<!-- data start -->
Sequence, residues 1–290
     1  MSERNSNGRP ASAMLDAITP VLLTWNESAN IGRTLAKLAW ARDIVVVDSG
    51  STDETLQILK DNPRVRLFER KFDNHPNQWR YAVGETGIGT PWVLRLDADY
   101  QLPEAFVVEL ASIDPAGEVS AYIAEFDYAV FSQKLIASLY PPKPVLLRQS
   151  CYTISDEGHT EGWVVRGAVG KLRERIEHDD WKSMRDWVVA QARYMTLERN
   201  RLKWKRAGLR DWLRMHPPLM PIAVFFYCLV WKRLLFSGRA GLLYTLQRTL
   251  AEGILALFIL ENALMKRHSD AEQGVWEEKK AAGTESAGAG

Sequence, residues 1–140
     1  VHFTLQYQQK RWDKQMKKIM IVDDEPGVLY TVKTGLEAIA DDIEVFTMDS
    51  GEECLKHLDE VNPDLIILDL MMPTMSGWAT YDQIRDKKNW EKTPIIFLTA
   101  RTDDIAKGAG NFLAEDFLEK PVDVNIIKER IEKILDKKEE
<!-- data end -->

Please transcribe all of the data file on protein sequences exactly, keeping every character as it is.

Sequence, residues 1–290
     1  MSERNSNGRP ASAMLDAITP VLLTWNESAN IGRTLAKLAW ARDIVVVDSG
    51  STDETLQILK DNPRVRLFER KFDNHPNQWR YAVGETGIGT PWVLRLDADY
   101  QLPEAFVVEL ASIDPAGEVS AYIAEFDYAV FSQKLIASLY PPKPVLLRQS
   151  CYTISDEGHT EGWVVRGAVG KLRERIEHDD WKSMRDWVVA QARYMTLERN
   201  RLKWKRAGLR DWLRMHPPLM PIAVFFYCLV WKRLLFSGRA GLLYTLQRTL
   251  AEGILALFIL ENALMKRHSD AEQGVWEEKK AAGTESAGAG

Sequence, residues 1–140
     1  VHFTLQYQQK RWDKQMKKIM IVDDEPGVLY TVKTGLEAIA DDIEVFTMDS
    51  GEECLKHLDE VNPDLIILDL MMPTMSGWAT YDQIRDKKNW EKTPIIFLTA
   101  RTDDIAKGAG NFLAEDFLEK PVDVNIIKER IEKILDKKEE